BHMA History - Timeline
Today, more than 80 percent of all U.S. manufacturers of builders hardware are BHMA members and, together, these companies produce the vast majority of the hardware used in the nation’s commercial and institutional buildings.
Since its inception, BHMA has formed alliances with other associations such as the National Fire Protection Association (NFPA, 1980s), the Steel Door Institute (SDI, 1990s) and the National Association of State Fire Marshals (NAFSM, 2000s) in an effort to focus on general safety issues regarding educational institutions, as well as institutions experiencing weather-related disasters.
BHMA has authored some 39 commercial and residential standards and sponsors ANSI/BHMA certification programs to help assure the life safety and security for the industry and for homeowners.
1925 - 1950 - Origins: How We Started
BHMA was originally founded in 1925 as the Hardware Manufacturers’ Statistical Association (HMSA), with volunteer management.
HSMA’s primary function was to gather and distribute statistics.
The first president of the HSMA was Walter C. Allen of Yale and Towne Manufacturing Company.
World War II put the HMSA in a pivotal position when it came to the allocation of strategic materials. It was through association representation that materials were allocated to hardware manufacturers.
The events of the war took HMSA beyond statistical gathering to serving all hardware manufacturers in the process of applying for material allocations, creating the need for another class of membership for those who wanted representation in Washington but did not want to contribute statistics. With the new addition, both classes of membership worked together to serve the industry during the years of World War II.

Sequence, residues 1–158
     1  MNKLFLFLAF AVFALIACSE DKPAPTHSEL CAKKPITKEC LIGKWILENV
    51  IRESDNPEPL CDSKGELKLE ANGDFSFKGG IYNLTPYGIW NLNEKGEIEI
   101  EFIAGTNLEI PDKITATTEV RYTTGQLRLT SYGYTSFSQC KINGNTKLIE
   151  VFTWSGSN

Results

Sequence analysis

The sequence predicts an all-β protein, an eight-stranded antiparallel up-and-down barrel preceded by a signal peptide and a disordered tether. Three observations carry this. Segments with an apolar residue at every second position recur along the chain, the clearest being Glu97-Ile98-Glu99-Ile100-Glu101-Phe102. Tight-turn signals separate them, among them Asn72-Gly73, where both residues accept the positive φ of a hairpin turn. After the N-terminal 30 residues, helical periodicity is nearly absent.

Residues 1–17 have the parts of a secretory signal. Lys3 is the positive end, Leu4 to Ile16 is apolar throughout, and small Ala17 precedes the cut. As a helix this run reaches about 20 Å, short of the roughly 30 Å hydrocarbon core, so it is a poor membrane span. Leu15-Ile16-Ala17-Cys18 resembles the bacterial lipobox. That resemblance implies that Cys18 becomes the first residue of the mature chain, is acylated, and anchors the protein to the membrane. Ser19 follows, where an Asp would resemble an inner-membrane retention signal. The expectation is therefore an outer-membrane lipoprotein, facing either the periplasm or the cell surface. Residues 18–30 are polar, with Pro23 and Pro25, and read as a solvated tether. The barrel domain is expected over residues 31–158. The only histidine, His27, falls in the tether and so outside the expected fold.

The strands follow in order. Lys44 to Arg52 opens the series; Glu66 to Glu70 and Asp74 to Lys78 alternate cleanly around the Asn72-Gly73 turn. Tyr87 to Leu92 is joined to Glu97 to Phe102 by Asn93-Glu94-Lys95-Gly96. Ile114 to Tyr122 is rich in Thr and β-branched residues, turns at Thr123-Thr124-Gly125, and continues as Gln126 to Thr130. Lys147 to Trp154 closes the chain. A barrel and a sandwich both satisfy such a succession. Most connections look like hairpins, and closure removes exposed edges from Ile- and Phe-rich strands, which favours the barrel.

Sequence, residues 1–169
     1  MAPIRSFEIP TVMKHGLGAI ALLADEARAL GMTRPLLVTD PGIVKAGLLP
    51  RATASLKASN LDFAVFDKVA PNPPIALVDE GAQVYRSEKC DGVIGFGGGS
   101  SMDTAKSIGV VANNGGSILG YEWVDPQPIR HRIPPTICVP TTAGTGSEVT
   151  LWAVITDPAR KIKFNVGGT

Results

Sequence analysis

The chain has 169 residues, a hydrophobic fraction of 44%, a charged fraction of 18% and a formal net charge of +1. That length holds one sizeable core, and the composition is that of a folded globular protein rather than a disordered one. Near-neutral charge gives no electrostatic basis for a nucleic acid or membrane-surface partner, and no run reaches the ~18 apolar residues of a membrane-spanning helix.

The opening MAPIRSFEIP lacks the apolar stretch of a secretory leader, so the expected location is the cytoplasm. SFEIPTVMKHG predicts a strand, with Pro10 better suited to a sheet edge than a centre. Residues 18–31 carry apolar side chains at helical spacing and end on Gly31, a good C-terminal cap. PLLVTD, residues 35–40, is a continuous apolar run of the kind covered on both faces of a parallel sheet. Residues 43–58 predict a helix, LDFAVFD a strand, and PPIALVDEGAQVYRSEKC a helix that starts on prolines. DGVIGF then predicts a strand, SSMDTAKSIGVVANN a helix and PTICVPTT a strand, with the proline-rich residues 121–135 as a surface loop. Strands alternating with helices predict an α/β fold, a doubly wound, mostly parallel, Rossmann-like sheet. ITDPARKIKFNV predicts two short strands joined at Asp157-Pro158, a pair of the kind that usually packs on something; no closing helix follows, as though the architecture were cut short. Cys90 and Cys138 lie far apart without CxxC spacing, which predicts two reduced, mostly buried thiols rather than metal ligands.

After WWII, HMSA returned to its original task of gathering and distributing statistics.
1950 - 1975 - Expanding Membership Brings About New Name and New Mission
The 1960s brought change: a new name — Builders Hardware Manufacturers Association (BHMA); a new location for its headquarters -- Chicago; a new more experienced and knowledgeable executive director.
As the first official year being recognized as BHMA, 1962 was the year the first BHMA Member Directory was issued. The first BHMA president was Leo J. Pantas of Yale and Towne Manufacturing Company.
In 1964, the BHMA standards program was launched.
In 1969, BHMA membership wrestled with how the standards should be published, distributed and objectively reviewed. As a result, the American National Standards Institute (ANSI) became the vehicle for BHMA to obtain consensus recognition of its standards. This third-party review and objectivity would later be the main reasons for the Department of Defense's (DoD) willingness to adopt the BHMA-sponsored ANSI Standards.
The first standard was published in 1970 under the BHMA imprint (BHMA 101 for Butts and Hinges, followed by BHMA 201 for Cabinet Hardware). These standards were offered at $1.00 each.
1975 - 2000 - BHMA Accredited As Leader In Architectural Hardware Standards
BHMA is officially incorporated in the state of New York in 1977.